3. Introduce me to good folks forming everlasting relationships
  4. Learn new things or upskill myself constantly
  5. Boosts my confidence and made me a better thinker and the person I’m today
  6. Interact with different teams
  7. Mentor junior folks
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I was never one of those children who knew what they wanted to do in life. As I moved through school and university I was continuously torn between mathematics and art. Two completely opposite subjects. I felt like a human Venn diagram thinking that one career couldn’t possibly cover two such different topics.

After I left university (having eventually chosen to study maths) I was working for a complaint handling company where I was charged with investigating complaints that customers sent it about their mobile phone or internet service. It was the worst job I ever had because of the calls I had to handle. The same company had a small development team tucked away on the ground floor and they were looking for a junior tester. Working in tech had never been a consideration for me but the job description spoke to my inner Venn diagram. They were looking for someone with the ability to analyse and think logically but also the ability to think creatively when thinking of potential test cases of a system.

After taking the job I honestly never looked back. I loved the blend of logical and creative activities that testing required. It had been a long time since I’d worked in a collaborative team and I thrived in the role of ‘tester enabling the team’. Even in my early days as a tester I quickly realised it was special to the rest of the development team. I was everywhere. The system we were enhancing and maintaining was the very system I used as a complaint handler so my domain knowledge was excellent. If someone reported a bug I’d be straight upstairs to ask them exactly what happened. If we got a feature request that didn’t make sense I’d go and talk to the person who requested it.

I re-discovered early on in my testing career that I love to learn. I collect pieces of knowledge like souvenirs and treasure them in (often illustrated) notes. Working in tech and more specifically working in Agile means I am continuously learning as our systems are continuously changing.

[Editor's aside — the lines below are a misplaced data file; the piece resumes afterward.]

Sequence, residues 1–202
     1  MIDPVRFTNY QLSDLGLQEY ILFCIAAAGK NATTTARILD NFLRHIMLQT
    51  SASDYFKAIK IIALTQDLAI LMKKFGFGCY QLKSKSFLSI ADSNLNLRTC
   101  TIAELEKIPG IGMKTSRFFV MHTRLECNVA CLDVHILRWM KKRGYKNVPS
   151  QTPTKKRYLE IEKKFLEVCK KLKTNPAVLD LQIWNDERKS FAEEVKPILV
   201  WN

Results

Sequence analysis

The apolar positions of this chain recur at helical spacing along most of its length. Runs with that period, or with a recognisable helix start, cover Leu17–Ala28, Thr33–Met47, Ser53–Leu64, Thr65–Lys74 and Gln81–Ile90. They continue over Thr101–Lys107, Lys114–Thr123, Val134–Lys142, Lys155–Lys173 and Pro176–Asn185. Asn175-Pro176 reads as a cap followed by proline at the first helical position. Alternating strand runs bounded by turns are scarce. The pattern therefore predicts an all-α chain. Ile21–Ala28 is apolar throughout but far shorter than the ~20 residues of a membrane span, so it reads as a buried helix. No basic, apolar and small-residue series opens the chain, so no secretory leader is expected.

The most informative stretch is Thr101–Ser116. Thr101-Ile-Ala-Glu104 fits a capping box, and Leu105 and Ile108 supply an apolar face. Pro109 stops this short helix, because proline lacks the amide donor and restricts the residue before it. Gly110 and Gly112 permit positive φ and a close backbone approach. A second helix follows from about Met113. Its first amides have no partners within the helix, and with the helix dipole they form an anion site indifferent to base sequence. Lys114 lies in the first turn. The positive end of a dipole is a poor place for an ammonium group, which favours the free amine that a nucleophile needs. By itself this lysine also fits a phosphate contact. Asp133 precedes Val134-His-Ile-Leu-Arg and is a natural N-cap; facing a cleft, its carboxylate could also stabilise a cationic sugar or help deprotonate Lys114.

@testerfromleic talked about there being three general areas that testers congregate towards.
People - you like working with the team, you are interested in building relationships, facilitation, helping the team develop and improve.
Technical - you love code, you learn to write automated tests or you learn about infrastructure or security.
Business - you like working from a product perspective, understanding the business requirements.

For me it’s the people aspect. Since taking that first job as a tester testing mainly at the end of development I’ve always leaned towards building relationships across teams, getting people involved in my work, getting people talking to each other. I’ve recently landed a job with the ultimate title of Quality Coach and I love @melthetester’s definition of helping the whole team thrive. That’s my mission every day in this job.

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How I “Fell” into Testing
In 2020, I decided to finally devote myself to learning to code. I’d been interested in becoming a developer for years but lacked the time, opportunity, and path. Covid made me focus on finding a career that was safe and flexible for my family (working from home was the primary goal).

I completed an intense full-stack BootCamp, but felt burnt out and exhausted afterward. I was no longer certain that coding full-time was for me. Luckily I had time to decide. I completed The Collab Lab, followed by a backend engineering apprenticeship, followed by a coding fellowship that focused on automation. I felt reinvigorated by the testing experience. I realized that this was a great way to marry my old career and skillset to my new technical knowledge. I started applying to SDET and QA roles and landed my current role.

This article was great! I really started to think about how I’d like to grow my skills long-term (over the next 5 years). I enjoyed backend work in BootCamp and I’d like to return there via data management/testing/analysis. I think that the easiest way to start is to beef up my backend testing skillset. I also would like to eventually grow comfortable with SQL.

I generally find my job enjoyable. I like the autonomy it provides. I enjoy learning and researching, which are skills I often need to use in my current role. I work with a supportive team, which is the best part.

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I fell into testing by accident.

In the 4th year of my university, I was asked to help a student with some SQL assignments.
I did the tasks, and it turned out that this student had a job as QA Engineer at the bank. So he offered me to try out to get a job.